MIDDLETOWN, Del. - Scott Soucy, 46, left the home he purchased with a mortgage and climbed into the limousine he financed with an equity loan. He charged his breakfast to a credit card and then drove across town to work on paying back the one debt he worried about most.
He pulled up to a Starbucks in a quiet shopping center, backing his limousine up to the curb a few minutes after 8 a.m. The weekday rush was well underway in central Delaware, and customers at the register scanned newspaper headlines warning of "Fiscal Disaster" and a "Stymied Congress." Meanwhile, Soucy opened his trunk and assembled his self-described "marketing display" at a table outside, with T-shirts, window decals and a five-foot-tall banner inscribed with his slogan.
"The National Debt: The Solution Lies Here."
As the deadlocked U.S. government flirts with the "fiscal cliff" and the national debt rises beyond $16.2 trillion, Soucy and a handful of other Americans have decided to take actions of their own. A woman in Ohio left $1 million in her will for the Department of Treasury. An elementary school in Houston raised $692 at a bake sale. A man in the Pacific Northwest started a "debt-busting" nonprofit.
Soucy has spent the past two years sending a small portion of his earnings to the Bureau of the Public Debt in Parkersburg, W.Va., writing checks so often it has become "like muscle memory," he says. Now he has begun trying to persuade everyone else to pledge the same donation: $1 from each paycheck for employees, and $1 from each major transaction for businesses. He believes the plan could pay down the debt - over decades, if perfectly executed.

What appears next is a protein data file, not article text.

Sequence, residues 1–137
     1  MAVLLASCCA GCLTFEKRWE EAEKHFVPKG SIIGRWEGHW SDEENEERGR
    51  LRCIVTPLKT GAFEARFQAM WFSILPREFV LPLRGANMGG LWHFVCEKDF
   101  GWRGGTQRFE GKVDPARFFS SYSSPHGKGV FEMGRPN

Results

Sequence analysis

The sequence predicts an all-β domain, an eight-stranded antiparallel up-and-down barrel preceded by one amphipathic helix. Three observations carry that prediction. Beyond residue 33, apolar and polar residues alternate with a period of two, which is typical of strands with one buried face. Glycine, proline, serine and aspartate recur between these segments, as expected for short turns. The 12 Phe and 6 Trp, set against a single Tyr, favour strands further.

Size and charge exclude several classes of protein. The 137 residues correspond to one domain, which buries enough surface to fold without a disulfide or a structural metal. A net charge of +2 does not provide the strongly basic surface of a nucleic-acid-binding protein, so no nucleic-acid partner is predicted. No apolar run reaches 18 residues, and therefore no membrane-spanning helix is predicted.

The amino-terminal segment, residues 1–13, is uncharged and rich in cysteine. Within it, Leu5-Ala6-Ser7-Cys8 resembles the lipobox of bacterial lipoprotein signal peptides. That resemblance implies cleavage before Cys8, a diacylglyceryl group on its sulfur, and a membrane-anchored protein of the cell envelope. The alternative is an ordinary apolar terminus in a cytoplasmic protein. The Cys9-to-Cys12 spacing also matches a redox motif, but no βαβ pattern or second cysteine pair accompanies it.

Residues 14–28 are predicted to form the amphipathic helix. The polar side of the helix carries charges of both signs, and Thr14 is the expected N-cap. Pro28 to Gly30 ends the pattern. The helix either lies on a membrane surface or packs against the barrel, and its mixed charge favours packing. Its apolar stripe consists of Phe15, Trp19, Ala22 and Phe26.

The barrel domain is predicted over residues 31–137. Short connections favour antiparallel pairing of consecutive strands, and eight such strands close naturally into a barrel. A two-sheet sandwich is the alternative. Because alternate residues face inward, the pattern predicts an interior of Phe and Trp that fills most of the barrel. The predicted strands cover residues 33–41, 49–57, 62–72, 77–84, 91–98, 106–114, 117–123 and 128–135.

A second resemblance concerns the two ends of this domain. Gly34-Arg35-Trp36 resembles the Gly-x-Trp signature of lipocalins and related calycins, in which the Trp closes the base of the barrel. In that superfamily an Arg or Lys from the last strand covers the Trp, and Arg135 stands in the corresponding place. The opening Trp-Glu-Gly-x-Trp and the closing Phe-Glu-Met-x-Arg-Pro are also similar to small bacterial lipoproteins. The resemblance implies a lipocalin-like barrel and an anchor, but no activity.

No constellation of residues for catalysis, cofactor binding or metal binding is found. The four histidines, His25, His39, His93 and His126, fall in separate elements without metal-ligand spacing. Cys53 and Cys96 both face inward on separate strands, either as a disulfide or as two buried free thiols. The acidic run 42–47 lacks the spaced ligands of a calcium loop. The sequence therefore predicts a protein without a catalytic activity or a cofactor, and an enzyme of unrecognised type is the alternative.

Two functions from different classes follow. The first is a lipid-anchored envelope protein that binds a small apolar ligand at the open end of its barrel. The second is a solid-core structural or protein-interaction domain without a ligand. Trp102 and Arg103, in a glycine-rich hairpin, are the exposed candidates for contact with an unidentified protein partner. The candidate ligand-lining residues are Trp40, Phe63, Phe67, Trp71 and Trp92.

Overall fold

"It's patriotism when our country needs us, plain and simple," he said.
Already this year, Americans have donated a record amount to pay down the debt, sending the Treasury more than $7 million in personal checks.
All told, it is enough to keep the American economy running on budget for almost three minutes.
As the debt continues to mount, causing instability on Wall Street and revealing the ineffectiveness of Washington, the debate on Capitol Hill revolves around who or what is most responsible: Is it the fault of Democrats or Republicans? Barack Obama or George W. Bush? Skyrocketing entitlement spending or ill-advised tax cuts for the rich?
In Middletown, Soucy has concluded something else.
"You are responsible," he said now, pointing to a woman in her late 20s, as she hurried from Starbucks to her car with a large latte. She spun around and looked at his display.
"Excuse me?" she said. "Responsible for what?"
"For the debt," he said, smiling, bouncing his knee in his chair. "It's our country. It's our debt. We are all responsible. We can't just sit around waiting for government to fix this."
"No, thanks," she said, hurrying past.
Soucy waited for the next customer to exit and imagined what the people inside thought of him. "Wacko. Idiot. Dreamer. Childish. Naive," he said. He is a retired Army captain and a business-school graduate raising a family of five in the suburbs. He owns a limousine company, a T-shirt business and hosts a local TV show. "I'm taking a huge reputational risk doing this," he said. "Everybody here knows me, and they think this plan is too simple. Too crazy."
For the next two hours, he sat at his table, repeated the details of his plan and then listened to their skepticism.
A middle-aged woman, peppermint latte: "Why pay at all? Can't we just forgive our debt like we forgive everybody else's?"
A retired airline pilot, coffee black: "You're feeding a dragon. As admirable as it seems, you're asking me to send more money to a government I don't trust."